What You Need to Know about SQL Server 2005's End of Support
Microsoft's support for SQL Server 2005 ended on April 12, 2016. This is not unexpected, as this software is more than a decade old. If you are still using SQL Server 2005, it will continue to function. However, relying on it in the long term might not be the best course of action.
The Pitfalls of Staying with SQL Server 2005
Continuing to use SQL Server 2005 to drive the backend of your business has several drawbacks. The most serious one is that your business will be more vulnerable to cyberattacks. Because Microsoft is no longer providing security updates for SQL Server 2005, your databases will not be protected against new malware or new attack vectors. To make matters worse, many cybercriminals keep track of when versions of popular programs like SQL Server reach their end of support. Once that day arrives, the cybercriminals intentionally launch new attacks that target the unsupported software.
Another downside of sticking with SQL Server 2005 is that it will be increasingly harder to achieve compliance with regulations and standards like the Health Insurance Portability and Accountability Act (HIPAA) and Payment Card Industry Data Security Standard (PCI DSS). Both HIPAA and PCI DSS call for the protection of sensitive data, which databases often contain. If you cannot protect your SQL Server 2005 databases from new cyberattacks, you might be found in noncompliance with HIPAA and PCI DSS. Noncompliance can result in penalties, higher costs, and even lost business.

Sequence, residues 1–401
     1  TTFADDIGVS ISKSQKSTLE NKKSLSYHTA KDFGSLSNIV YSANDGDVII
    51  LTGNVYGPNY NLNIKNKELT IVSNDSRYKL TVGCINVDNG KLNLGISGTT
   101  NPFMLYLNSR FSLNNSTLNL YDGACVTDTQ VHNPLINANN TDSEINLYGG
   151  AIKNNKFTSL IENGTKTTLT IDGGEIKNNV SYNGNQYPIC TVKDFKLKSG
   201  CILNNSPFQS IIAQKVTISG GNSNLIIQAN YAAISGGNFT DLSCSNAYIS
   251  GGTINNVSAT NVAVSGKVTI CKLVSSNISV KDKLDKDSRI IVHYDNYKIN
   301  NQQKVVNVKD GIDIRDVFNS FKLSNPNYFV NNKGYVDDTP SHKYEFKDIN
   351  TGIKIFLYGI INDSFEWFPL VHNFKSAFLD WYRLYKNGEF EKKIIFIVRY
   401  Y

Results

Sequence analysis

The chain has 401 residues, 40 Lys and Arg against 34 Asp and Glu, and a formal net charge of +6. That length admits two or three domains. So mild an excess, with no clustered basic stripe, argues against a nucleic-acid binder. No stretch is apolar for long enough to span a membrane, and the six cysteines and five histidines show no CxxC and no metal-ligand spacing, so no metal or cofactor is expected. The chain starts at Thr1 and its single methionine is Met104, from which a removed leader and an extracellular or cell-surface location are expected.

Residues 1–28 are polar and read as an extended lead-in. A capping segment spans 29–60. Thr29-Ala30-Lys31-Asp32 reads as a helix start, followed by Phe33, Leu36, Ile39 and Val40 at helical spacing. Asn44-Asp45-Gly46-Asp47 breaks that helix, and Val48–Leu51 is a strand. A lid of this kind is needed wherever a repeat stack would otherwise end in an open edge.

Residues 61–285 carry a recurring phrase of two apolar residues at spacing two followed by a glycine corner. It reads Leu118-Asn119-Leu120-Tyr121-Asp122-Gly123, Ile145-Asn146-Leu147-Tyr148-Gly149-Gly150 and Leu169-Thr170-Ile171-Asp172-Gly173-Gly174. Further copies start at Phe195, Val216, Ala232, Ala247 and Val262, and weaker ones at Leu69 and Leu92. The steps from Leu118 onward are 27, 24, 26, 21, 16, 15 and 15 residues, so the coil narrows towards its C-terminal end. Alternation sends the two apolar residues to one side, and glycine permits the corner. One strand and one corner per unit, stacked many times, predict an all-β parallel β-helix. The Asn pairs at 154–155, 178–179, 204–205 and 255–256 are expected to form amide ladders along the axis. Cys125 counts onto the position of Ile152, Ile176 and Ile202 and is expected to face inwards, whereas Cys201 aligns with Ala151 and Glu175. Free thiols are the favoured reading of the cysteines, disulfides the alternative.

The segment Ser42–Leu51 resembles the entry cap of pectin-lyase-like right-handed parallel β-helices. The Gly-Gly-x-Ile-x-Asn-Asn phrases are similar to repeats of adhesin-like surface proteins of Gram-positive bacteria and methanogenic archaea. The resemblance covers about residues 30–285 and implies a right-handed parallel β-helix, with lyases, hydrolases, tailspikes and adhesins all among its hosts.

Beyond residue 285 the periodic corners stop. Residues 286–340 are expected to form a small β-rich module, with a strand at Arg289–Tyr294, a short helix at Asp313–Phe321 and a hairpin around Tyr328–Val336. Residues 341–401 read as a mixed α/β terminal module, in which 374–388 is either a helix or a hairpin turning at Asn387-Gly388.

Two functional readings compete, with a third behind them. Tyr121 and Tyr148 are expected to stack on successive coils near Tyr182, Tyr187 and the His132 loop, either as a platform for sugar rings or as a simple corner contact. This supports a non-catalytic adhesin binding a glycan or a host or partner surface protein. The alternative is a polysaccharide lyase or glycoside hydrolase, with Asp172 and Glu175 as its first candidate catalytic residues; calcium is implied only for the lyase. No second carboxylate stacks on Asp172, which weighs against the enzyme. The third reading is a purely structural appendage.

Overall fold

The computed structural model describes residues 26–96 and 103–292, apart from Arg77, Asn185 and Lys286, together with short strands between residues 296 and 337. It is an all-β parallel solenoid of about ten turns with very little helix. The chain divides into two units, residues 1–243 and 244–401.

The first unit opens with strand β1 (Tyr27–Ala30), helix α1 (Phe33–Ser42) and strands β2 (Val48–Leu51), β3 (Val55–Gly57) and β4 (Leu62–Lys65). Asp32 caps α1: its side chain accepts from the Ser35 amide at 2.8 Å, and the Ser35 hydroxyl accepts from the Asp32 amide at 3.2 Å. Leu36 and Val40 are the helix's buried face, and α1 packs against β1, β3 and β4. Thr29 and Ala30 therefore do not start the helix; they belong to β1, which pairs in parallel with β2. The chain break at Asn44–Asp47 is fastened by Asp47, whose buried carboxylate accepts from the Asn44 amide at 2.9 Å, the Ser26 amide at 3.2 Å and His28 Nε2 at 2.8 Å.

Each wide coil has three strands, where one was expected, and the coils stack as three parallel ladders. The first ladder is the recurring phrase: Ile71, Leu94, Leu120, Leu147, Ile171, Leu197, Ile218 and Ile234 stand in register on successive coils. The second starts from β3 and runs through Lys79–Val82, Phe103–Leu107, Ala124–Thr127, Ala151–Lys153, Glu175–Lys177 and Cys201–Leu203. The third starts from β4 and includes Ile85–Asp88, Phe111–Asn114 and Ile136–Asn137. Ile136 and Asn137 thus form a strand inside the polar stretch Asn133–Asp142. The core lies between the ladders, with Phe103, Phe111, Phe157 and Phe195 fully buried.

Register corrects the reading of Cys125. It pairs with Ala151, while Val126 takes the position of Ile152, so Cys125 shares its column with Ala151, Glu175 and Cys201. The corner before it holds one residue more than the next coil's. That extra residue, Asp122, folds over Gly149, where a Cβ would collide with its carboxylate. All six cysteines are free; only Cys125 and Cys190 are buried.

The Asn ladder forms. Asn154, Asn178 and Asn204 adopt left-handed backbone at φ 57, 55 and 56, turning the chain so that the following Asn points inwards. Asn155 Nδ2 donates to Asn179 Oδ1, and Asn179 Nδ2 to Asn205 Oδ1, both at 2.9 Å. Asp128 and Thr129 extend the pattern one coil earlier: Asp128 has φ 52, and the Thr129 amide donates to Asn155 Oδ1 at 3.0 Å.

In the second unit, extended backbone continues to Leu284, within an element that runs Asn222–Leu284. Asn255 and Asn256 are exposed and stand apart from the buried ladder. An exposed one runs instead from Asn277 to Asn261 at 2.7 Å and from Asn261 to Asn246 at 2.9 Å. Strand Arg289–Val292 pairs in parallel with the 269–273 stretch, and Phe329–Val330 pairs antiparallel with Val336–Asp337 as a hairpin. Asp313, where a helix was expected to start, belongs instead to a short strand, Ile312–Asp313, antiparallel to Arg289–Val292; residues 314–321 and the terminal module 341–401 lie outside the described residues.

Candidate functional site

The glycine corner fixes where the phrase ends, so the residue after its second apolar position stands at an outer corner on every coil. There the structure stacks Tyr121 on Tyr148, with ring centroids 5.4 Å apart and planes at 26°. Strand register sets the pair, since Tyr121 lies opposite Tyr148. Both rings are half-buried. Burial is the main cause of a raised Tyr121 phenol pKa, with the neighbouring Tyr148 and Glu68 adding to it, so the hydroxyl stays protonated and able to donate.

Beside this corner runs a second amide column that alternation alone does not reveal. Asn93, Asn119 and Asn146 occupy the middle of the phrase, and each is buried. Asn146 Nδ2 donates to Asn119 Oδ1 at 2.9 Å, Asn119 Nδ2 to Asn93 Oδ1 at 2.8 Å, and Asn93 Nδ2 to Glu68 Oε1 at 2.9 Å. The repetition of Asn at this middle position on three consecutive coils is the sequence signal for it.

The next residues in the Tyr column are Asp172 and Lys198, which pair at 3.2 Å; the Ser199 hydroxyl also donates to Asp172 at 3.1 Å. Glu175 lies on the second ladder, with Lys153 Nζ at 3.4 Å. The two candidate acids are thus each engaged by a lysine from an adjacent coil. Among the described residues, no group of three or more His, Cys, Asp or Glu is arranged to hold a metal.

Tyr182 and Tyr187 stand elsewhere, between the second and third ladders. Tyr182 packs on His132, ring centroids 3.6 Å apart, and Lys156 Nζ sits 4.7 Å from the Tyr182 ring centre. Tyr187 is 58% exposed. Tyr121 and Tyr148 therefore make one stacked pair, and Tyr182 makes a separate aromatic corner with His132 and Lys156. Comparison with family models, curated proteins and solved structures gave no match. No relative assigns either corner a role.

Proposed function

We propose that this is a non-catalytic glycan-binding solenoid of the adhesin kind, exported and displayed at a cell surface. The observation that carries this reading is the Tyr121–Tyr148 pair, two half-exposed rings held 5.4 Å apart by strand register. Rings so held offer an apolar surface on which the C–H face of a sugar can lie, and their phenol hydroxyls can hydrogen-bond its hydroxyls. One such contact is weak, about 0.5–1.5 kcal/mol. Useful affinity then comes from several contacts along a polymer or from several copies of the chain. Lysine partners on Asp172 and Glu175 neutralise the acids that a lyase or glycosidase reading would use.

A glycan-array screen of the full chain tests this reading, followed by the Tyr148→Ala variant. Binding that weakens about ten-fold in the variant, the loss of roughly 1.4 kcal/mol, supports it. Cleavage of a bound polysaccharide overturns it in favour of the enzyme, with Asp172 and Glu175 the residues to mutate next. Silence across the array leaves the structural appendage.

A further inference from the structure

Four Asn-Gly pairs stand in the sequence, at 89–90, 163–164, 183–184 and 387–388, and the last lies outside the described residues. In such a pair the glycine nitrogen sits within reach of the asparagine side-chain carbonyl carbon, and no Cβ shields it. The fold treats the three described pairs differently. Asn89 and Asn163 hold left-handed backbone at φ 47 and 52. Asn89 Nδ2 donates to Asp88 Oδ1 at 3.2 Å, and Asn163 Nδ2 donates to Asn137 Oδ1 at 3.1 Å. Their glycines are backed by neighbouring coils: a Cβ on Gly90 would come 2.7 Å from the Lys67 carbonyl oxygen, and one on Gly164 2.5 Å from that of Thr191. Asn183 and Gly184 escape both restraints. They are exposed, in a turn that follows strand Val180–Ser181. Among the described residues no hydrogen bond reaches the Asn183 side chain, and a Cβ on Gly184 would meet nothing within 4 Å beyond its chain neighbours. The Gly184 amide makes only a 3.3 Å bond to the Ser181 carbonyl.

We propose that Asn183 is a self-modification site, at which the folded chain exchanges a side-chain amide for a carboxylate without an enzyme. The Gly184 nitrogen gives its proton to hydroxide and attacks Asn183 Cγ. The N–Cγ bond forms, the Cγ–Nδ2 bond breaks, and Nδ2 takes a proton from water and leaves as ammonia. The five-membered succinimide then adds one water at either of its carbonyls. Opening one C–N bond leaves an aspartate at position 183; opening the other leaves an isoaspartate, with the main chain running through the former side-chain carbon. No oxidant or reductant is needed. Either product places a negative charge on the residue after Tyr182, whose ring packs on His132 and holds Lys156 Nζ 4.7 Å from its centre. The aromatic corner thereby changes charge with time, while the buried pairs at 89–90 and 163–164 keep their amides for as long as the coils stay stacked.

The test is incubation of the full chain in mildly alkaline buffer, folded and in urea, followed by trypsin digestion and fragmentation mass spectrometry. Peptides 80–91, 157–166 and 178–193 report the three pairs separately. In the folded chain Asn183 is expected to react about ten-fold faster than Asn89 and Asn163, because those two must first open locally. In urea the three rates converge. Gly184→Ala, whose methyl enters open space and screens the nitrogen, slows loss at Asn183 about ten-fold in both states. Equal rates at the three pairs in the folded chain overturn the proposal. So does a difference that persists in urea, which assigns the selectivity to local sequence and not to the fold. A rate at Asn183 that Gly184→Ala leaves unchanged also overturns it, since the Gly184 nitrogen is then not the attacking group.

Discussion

Although not as serious as the disadvantages just discussed, continuing to use SQL Server 2005 means that you cannot turn to Microsoft for help. The Microsoft Customer Service and Support staff is no longer able to answer any technical questions you might have about SQL Server 2005 or help you troubleshoot any problems. The only assistance that Microsoft offers is its publicly available online content, such as Knowledge Base articles and support webcasts.
You Do Not Have to Make the Decision Alone
Staying with SQL Server 2005 has some obvious benefits — namely, you do not have the hassles and the costs associated with upgrading to a new version. However, you need to keep the pitfalls in mind. Electro-America's team of Engineers are highly skilled in data migrations and can help you weigh the pros and cons of each course of action.